Attila Gyulai, the owner of a fine dining establishment in the West Loop, has pleaded guilty to one count of wire fraud. Gyulai had returned to Chicago to face four counts of fraud and is scheduled to be sentenced on February 25th of 2020. He and his wife owned and operated Embreya restaurant, a high-end Asian establishment. The restaurant opened in 2012 and received excellent reviews, but shut down only four years later.
Examining the Plea Agreement
Gyulai’s plea agreement is interesting. Essentially, Gyulai admitted guilt to one allegation of wire fraud but also stated that he did not agree with all the details of the other allegations. The plea agreement essentially states that between 2014 and 2016, Gyulai defrauded minor shareholders in his restaurant and lied about how money generated by the restaurant was used. As part of the scheme, there was a nearly $15,000 money transfer out of the restaurant’s coffers.
Examining the Charges
Prosecutors say that Gyulai took money from investors under the auspices of using that money toward his restaurant and on the contingency that they would reap dividends from their investment. What Gyulai did instead was pay for fancy vacations and expensive clothes while he left his investors waiting for their money. This, of course, is illegal.
When investors hand money over to a business owner as an investment, they expect that their money will be repaid with interest. Instead, Gyulai lied to his investors about the amount of profit he was making and then used their money to fund his lavish lifestyle.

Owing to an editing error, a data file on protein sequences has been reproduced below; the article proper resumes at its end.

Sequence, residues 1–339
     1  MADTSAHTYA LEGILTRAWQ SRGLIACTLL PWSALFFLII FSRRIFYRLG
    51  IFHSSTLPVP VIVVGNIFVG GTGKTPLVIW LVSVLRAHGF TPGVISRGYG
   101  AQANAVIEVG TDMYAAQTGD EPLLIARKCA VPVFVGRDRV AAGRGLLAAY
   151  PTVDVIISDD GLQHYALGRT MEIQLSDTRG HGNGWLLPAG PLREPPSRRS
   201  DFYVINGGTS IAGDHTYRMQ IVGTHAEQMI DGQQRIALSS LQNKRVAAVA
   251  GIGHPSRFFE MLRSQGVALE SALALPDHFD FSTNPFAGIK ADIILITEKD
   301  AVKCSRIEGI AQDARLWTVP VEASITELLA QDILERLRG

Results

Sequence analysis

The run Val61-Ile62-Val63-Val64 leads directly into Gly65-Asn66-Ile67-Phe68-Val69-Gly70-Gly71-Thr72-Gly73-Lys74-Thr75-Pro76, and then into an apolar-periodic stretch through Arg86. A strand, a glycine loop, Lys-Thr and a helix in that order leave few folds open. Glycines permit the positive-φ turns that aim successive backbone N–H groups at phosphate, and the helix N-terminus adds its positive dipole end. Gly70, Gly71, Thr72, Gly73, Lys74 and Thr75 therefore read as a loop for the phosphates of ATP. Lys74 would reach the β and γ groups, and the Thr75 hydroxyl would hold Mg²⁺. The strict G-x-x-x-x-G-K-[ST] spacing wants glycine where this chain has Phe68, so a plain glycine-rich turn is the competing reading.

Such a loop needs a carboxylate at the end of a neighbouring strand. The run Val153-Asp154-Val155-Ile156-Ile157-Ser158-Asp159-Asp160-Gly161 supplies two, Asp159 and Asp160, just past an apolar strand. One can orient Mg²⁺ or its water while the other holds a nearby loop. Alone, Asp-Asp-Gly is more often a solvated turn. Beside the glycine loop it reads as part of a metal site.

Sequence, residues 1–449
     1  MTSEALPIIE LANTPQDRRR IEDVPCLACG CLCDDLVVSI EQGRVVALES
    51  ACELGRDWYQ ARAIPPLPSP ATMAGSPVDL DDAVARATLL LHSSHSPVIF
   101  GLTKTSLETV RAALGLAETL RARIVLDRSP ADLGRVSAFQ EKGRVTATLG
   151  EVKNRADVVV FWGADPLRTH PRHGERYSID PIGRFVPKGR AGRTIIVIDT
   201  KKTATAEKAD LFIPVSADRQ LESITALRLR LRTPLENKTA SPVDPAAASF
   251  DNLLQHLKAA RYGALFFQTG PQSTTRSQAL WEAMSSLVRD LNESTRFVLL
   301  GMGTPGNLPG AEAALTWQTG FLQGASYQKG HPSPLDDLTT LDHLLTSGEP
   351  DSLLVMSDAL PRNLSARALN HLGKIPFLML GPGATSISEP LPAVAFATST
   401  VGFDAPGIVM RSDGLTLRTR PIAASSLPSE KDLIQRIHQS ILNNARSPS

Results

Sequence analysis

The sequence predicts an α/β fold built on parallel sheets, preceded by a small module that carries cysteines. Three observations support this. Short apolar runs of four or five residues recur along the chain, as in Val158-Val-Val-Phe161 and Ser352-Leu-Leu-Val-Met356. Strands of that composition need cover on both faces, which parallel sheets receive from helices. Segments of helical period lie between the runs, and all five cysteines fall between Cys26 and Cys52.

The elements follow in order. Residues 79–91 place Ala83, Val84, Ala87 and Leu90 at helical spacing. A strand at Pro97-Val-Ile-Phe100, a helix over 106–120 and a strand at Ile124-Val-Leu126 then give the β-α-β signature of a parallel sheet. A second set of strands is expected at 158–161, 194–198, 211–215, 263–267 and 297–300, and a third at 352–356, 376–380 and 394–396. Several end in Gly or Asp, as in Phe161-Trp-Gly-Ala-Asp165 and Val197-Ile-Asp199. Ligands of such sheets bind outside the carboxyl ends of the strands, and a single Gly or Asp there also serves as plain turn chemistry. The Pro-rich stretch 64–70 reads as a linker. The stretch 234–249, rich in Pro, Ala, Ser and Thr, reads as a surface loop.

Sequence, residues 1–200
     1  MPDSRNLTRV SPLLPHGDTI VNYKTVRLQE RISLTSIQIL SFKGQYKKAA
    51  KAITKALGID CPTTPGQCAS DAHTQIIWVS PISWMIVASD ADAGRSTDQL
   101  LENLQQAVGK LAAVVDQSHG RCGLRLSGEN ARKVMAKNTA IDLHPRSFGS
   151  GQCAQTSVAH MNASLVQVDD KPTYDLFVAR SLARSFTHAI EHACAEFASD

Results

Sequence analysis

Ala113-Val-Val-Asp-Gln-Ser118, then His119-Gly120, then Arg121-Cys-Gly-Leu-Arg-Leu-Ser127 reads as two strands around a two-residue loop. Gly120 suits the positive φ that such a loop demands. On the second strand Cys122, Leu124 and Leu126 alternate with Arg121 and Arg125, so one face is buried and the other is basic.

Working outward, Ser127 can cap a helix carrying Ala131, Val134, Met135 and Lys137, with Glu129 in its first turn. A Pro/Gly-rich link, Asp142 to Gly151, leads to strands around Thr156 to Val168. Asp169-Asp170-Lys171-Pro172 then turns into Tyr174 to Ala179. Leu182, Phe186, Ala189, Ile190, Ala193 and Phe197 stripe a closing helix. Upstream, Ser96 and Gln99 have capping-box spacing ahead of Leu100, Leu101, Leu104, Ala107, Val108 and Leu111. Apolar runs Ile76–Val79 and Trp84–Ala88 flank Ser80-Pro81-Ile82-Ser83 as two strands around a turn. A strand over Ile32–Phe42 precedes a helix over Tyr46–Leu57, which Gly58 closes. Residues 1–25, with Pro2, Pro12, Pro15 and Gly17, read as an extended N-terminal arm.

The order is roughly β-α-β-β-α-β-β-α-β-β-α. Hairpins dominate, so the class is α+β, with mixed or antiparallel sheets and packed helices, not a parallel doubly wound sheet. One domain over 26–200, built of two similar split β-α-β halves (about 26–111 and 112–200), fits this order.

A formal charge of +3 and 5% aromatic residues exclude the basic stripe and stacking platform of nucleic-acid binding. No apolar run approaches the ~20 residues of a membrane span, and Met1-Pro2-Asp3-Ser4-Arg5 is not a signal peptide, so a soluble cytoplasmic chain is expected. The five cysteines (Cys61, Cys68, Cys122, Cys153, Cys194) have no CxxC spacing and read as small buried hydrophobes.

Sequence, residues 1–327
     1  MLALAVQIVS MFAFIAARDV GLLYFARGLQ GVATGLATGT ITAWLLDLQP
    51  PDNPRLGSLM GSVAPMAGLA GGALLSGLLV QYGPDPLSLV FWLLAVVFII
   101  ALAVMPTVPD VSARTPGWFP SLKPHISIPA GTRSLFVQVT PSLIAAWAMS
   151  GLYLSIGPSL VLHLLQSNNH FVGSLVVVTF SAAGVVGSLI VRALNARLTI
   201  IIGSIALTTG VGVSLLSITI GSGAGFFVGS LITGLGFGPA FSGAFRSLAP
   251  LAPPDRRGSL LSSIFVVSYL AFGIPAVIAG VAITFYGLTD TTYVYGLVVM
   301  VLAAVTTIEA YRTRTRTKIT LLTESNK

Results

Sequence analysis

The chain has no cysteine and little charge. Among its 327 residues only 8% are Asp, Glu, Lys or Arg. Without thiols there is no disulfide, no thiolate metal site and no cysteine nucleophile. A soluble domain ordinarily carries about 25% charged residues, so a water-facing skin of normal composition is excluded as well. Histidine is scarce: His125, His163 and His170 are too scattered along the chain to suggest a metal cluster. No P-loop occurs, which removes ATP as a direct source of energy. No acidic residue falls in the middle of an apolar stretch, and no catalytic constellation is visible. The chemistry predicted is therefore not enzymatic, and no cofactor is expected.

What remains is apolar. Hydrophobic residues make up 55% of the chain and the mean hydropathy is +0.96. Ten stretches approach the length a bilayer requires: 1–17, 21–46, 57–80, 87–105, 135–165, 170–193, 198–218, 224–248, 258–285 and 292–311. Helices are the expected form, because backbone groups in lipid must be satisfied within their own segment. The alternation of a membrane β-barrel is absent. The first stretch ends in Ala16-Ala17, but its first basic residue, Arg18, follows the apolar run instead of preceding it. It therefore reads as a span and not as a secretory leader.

Of course, Gyulai could claim that he had every intention of repaying his investors, but part of the problem was that when the indictments came down, Gyulai was out of the country. According Gyulai, he was visiting sick relatives in Spain and Latin America. No doubt, had his case gone to trial Gyulai would have claimed that he left the country as soon as he found out about his sick relatives and while he did use some of the restaurant’s money to pay for those vacations, there was never anything in the investment contract that dictated when that money had to be repaid.
Based on that potential defense, Gyulai was able to plead guilty to one of the charges while successfully skirting the other three. He was also allowed to enter a plea that emphasized that he did not agree (necessarily) with the allegations but was pleading guilty to avoid a trial.
However, Gyulai was confronted by the executive chef of his establishment and proceeded to fire him, according to separate civil suit. The chef attempted to recover $90,000 in unpaid wages and, during discovery, realized that Gyulai had been using investment funds for personal expenditures.
Talk to a Chicago White Collar Crime Attorney
Whether you are facing state or federal charges, David Freidberg, Attorney at Law, has the expertise to resolve your case as painlessly as possible. Give us a call at (312) 560-7100 and we will begin preparing your defense immediately.